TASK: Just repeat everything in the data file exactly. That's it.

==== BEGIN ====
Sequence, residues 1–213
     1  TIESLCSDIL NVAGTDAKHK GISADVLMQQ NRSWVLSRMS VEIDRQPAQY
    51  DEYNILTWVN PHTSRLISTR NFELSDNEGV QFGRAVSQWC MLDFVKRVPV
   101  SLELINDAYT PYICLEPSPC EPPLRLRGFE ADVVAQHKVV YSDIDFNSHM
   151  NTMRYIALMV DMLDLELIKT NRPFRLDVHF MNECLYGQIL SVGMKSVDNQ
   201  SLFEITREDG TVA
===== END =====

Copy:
Sequence, residues 1–213
     1  TIESLCSDIL NVAGTDAKHK GISADVLMQQ NRSWVLSRMS VEIDRQPAQY
    51  DEYNILTWVN PHTSRLISTR NFELSDNEGV QFGRAVSQWC MLDFVKRVPV
   101  SLELINDAYT PYICLEPSPC EPPLRLRGFE ADVVAQHKVV YSDIDFNSHM
   151  NTMRYIALMV DMLDLELIKT NRPFRLDVHF MNECLYGQIL SVGMKSVDNQ
   201  SLFEITREDG TVA